People turn to fandom to cope with COVID-19
People turn to fandom amidst pandemic
It’s March 29, 2014, and Paula Ono, a 35-year-old from Brazil, is giddy with excitement as she walks into the Washington State Convention Center. In a few hours, she’s going to meet “Lost Girl” stars Kris Holden-Ried and Zoie Palmer.
Before queueing up for autographs, she strolls through the aisles of vendors, collecting one-of-a-kind merchandise and artwork. When chatting one-on-one with the actors, she tells them over and over how much she loves them. Heartbeat quickening and stomach-dropping, that sensation continues throughout the day as she watches their panel and poses for a photo with them. After returning home, she promises herself she will attend more conventions in the future.
And she does. Since attending Emerald City Comic Con, Ono has traveled all over Europe and the United States to meet her favorite celebrities. She’s one of many people who use fandoms to process, connect or escape reality. Fandoms have an invaluable coping mechanism to deal with the anxiety and isolation of the Coronavirus pandemic. People are reading and writing fanfiction, watching streaming services like Twitch, Netflix, and YouTube, gaming, and spending time on social media platforms.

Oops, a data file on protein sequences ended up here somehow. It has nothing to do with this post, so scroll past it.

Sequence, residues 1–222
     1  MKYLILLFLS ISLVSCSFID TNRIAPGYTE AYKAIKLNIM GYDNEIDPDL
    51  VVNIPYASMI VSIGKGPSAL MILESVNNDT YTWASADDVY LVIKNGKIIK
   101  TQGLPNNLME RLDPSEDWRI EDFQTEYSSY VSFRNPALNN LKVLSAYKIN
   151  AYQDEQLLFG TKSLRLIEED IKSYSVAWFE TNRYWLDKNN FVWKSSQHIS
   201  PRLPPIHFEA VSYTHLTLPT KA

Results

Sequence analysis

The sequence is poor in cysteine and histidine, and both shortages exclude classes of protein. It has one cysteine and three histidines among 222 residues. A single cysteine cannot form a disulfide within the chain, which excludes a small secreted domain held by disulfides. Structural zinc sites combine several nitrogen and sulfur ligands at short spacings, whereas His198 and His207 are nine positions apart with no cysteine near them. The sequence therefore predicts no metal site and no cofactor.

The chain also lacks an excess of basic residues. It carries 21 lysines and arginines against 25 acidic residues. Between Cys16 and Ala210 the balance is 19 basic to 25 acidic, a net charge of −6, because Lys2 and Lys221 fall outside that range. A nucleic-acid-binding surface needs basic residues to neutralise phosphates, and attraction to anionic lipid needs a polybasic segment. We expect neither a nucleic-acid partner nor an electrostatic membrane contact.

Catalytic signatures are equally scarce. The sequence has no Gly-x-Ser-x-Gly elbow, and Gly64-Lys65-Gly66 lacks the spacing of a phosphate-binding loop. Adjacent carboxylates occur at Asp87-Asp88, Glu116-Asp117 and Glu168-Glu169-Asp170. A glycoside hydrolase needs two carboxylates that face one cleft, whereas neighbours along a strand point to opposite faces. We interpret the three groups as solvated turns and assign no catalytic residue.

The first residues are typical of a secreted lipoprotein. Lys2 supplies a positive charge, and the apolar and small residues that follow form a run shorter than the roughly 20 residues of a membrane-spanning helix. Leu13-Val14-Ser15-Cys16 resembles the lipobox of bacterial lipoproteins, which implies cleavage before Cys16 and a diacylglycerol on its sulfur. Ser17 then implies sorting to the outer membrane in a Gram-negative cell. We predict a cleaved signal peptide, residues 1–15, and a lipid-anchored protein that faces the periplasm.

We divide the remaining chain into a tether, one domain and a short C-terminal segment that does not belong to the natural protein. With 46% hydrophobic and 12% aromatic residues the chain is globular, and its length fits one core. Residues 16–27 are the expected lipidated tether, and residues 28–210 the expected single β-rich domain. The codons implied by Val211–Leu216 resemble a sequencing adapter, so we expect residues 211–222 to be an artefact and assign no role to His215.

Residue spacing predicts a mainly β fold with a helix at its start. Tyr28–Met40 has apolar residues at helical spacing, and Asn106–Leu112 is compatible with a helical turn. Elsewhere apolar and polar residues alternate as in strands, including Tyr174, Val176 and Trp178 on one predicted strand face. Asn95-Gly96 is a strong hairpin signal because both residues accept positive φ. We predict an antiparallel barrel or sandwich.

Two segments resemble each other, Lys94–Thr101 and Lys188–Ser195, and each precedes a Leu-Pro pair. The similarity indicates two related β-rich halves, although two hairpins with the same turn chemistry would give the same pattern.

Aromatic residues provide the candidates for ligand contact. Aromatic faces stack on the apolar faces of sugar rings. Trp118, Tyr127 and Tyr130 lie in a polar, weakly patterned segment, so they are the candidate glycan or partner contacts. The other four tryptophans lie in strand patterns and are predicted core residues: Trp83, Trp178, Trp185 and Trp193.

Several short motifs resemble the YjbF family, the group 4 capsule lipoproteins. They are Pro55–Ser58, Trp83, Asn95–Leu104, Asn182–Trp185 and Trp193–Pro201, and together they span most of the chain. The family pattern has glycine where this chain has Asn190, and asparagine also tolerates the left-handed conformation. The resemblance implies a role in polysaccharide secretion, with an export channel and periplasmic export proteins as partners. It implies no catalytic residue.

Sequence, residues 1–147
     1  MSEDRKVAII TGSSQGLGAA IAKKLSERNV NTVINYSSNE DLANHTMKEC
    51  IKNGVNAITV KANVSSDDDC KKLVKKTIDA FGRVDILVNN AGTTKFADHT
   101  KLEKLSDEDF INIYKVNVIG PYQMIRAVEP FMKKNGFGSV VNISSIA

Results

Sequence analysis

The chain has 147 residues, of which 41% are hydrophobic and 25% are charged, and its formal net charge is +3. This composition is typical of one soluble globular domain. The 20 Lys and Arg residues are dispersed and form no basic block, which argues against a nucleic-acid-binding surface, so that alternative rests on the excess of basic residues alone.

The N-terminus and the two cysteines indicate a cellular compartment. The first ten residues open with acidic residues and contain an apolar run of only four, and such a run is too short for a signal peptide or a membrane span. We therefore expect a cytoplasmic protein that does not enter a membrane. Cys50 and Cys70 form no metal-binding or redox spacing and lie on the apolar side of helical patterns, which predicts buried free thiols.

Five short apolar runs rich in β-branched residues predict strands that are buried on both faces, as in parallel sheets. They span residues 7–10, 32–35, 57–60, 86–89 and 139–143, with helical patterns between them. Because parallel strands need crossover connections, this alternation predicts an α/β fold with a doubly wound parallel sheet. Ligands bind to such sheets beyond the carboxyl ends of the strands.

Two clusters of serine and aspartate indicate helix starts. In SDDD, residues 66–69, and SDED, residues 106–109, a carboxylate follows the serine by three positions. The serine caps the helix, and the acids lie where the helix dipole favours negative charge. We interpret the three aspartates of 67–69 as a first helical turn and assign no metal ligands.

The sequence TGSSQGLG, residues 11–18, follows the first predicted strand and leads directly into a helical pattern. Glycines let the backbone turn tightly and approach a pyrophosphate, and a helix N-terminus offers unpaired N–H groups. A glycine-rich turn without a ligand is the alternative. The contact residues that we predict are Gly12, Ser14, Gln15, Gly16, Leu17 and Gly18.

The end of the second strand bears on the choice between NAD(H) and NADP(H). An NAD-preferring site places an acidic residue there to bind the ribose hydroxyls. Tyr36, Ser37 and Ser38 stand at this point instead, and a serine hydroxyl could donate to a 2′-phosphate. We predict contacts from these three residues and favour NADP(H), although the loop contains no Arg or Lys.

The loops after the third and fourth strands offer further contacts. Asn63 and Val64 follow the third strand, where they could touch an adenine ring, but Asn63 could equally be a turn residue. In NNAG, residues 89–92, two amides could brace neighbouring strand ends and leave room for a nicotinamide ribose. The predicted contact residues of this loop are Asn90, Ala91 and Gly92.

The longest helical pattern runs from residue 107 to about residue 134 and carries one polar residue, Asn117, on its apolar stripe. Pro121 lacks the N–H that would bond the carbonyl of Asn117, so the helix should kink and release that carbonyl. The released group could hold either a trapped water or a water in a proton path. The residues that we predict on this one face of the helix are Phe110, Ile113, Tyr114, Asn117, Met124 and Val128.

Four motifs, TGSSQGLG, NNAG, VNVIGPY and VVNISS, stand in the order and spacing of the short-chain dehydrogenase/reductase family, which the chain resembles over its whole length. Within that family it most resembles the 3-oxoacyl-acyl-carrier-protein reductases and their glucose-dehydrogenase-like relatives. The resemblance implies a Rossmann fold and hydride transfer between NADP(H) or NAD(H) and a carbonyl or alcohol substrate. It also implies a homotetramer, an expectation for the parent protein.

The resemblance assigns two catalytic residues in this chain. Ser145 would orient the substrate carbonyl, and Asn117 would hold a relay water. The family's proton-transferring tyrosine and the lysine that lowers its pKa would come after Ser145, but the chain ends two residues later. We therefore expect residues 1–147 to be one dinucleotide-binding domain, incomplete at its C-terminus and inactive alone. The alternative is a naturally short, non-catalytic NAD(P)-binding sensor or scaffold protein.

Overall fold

“Finding some type of community to be a part of has been vital for people’s mental health survival and for their physical well-being during the pandemic,” said Janina Scarlet, a clinical psychologist who uses Superhero Therapy, evidence-based therapy that incorporates characters from pop culture to treat anxiety, depression, and PTSD.
There’s also no right way to become a fan. Sometimes it’s love at first sight, sometimes it’s a slow burn, and sometimes you’re born into it. No one fandom activity — fanfiction, cosplay, fan art, fan videos, stan accounts, conventions — matters more than another. All that matters is “you engage with it because of your emotional attachment,” said Paul Booth, a professor of communication at DePaul University.
For someone like Simone Mallec, 21, from the Czech Republic, it took her a while to find interest in fandom. The summer after she graduated from high school, she binge-watched all 11 seasons of “RuPaul’s Drag Race.” Shortly after season 12 aired in February 2020, her university sent her home due to COVID-19. She was forced to quarantine for two weeks, wherein she created a Twitter stan account, @incorrectdrag, dedicated to quoting judges and contestants out of context.
Within about a week of making the account, Mallec had gained 50,000 followers. Previous contestants like Aquaria, season 10’s winner, Yvie Oddly, season 11’s winner, season 12 contestants like Crystal Methyd, Rock M. Sakura, and Nicky Doll followed her, replied to, retweeted, and liked her tweets.
“I don’t even know how it happened,” Mallec said. “But I just kept posting because I was bored. I had zero responsibility.” Now, a year and a half later, she has more than 104k followers.
For many people like Mallec, fandom gives them something to look forward to. And because COVID-19 has led to a series of losses, “people have been more passionate about their fandoms during the pandemic,” said Lynn Zubernis, a clinical psychologist and professor at West Chester University of Pennsylvania